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Compare the hero of a Greek tragedy with the hero of Dantes Divine Comedy, especially in terms of how they acquire self-knowledge

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The hero in a Greek tragedy I want to compare with the hero Dante in the Divine Comedy is Oedipus in Sophocles' Oedipus the King. Concerning their respective process of self-knowledge acquisition, we find some differences: their original recognition of "self" is dissimilar, and so are their method and result of self-pursuit. First, Oedipus and Dante have different perceptions of "self." In Oedipus the King, Oedipus confidently knows who he is and where he comes from-a exiled wanderer saving the Thebans from the Sphinx. ...read more.


Second and accordingly, their method to explore self-knowledge is different: Oedipus does this with human reason whereas Dante with pious belief in God. Oedipus does not intentionally pursue self-knowledge, but just tries his best with intellect to find the truth one after another about the murderer (himself) of the then king Laius-which can be seen as his process to find self-knowledge. Contrarily, through a sacred journey, Dante acquires self-knowledge by following Virgil and Beatrice, and in person seeing the sins and punishments in the Inferno, the redemption in the Purgatory, and the Providence in the Paradise. ...read more.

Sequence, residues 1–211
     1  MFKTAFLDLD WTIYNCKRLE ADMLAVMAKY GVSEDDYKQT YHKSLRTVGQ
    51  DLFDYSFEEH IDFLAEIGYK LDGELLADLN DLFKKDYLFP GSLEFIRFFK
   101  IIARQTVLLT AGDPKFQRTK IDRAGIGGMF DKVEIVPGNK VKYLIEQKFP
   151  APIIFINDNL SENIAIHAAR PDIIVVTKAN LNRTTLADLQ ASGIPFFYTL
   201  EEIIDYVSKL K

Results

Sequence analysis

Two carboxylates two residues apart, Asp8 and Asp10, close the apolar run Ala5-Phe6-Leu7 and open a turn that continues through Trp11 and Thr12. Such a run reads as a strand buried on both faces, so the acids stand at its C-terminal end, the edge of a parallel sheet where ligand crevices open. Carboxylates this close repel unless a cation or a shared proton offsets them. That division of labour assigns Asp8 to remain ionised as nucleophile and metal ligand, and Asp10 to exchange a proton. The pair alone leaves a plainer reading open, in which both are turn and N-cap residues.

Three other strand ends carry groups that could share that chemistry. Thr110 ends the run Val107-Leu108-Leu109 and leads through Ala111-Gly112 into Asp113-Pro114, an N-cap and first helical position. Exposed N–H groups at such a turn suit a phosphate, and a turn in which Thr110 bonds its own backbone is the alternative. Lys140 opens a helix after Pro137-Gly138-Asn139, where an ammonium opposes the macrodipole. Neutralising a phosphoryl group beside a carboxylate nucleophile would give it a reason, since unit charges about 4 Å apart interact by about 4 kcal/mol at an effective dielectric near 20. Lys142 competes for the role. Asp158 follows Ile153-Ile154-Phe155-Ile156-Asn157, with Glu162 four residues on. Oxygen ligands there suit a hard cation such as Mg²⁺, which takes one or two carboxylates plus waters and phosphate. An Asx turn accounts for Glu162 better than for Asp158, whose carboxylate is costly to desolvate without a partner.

While Oedipus' self-truth is acquired from his downfall (the physical blindness), Dante the protagonist's self-knowledge is sublimated into a will in contact with God. All in all, as a tragic hero in search of self-knowledge, Oedipus reflects reason and humanity. It is because in the 5th century B.C., the Sophoclean age, people questioned the nature of everything with reason and thereby faces the dilemma of believing human reason or praying God. But in the theocentric Middle Ages, as a Christian hero, Dante, whose thinking and conceptions are based on religious beliefs, resorts to God's Infinite Mercy to find self-knowledge and the meaning of life. ?? ?? ?? ?? ...read more.

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